During development, cells must specialize their function in a well defined timeline: formation of different tissues must be coordinated from a pile of cells. The research group led by Aneta Koseska (former Max Planck Institute of Molecular Physiology (MPI), CAESAR Bonn) has now developed a new theoretical concept that shows how cells specialize in right proportions in a coordinated manner through their communication with each other, and thus how new structures are formed and maintained.
Stem cells are the all-rounders among the cells in the body. They can differentiate into different cell types, such as skin cells, nerve cells or bone cells. Thus, during early embryonic development, a disordered bunch of stem cells transforms into ordered body structures. The information required for differentiation is stored in the genome of the stem cells. However, a blueprint for the formation of body structures is missing. Nevertheless, the development of different tissues must be executed with great precision and at the right time. How this complex process is coordinated still remains elusive.
Cells talk to each other
So far it has been assumed that the coordination of these processes takes place at the level of individual cells acting independently of one another. They receive signals from their environment that trigger the production of genetic markers and the development of characteristic gene expression patterns, and thereby stem cells differentiate into a cell with a specific function. In this framework however it is hard to explain how the right proportions of different cell types are generated, and how the timing of the differentiation emerges.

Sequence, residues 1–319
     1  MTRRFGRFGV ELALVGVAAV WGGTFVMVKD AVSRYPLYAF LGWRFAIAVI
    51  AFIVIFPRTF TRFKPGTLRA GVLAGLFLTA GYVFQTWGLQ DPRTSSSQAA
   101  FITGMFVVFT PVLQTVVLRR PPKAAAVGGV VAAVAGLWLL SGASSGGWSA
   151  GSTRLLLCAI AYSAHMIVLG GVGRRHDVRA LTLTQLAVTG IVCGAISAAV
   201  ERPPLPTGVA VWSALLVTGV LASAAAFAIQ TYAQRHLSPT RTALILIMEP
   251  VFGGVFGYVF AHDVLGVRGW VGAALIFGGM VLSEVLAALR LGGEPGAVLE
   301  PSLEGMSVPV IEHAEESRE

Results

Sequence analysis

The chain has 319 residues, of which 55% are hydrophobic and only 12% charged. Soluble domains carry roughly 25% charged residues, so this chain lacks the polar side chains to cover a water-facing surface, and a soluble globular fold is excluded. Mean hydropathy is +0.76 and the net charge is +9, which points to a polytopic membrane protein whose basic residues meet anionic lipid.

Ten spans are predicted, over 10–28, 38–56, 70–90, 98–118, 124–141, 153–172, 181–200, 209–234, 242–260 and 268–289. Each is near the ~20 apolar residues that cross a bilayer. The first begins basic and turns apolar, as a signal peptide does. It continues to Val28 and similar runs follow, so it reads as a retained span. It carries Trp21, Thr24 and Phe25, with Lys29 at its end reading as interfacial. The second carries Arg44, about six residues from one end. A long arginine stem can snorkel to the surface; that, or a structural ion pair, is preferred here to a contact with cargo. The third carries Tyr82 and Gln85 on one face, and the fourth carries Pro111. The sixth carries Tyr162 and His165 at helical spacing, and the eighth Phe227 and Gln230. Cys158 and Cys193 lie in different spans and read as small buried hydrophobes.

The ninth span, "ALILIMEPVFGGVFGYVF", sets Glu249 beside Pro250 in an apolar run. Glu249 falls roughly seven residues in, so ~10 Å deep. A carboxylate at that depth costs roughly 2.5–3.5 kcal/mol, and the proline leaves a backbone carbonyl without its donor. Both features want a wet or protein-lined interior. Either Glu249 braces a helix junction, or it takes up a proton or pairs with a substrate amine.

Aneta Koseska's group has now established a completely new theoretical concept to describe cellular development based on a population-level mechanism. With this changed view, the scientists can now describe how the correct timing of development into a organized structure can be guaranteed, and how development can proceed robustly and precisely despite disturbances. The scientists suggest that the growth of the cell community can drive the fate of individual cells and thereby offer a missing link between morphogenesis and pattern formation.
Theoretical concepts have a rich history in biology
These theoretical concepts are tested using mathematical models that capture the essential mechanisms and parameters of a biological process. Complex events in the cell can be thereby described and predictions can be made. These models can be used like artificial laboratories to validate hypotheses made from experimental data but also used in developing new hypothesis that can then be experimentally tested. "Such research seems very abstract, but theoretical ideas have a rich history in biology " explains Aneta Koseska. One of the most known examples is the evolutionary theory proposed by Darwin, that was later mathematically formulated by other scientist. A theory gives us a way to understand “How does it function, what is the mechanism?” A direct link between theory and experiments is however crucial, as both parts are fundamental to generate understanding of complex processes.
Cell-cell communication as a general property
Communication between cells also plays an important role in other important processes such as wound healing for example. This is because cells must also continuously react to their environment. “With our newly developed concept, we want to investigate this in detail in the future, both theoretically and experimentally," says Aneta Koseska.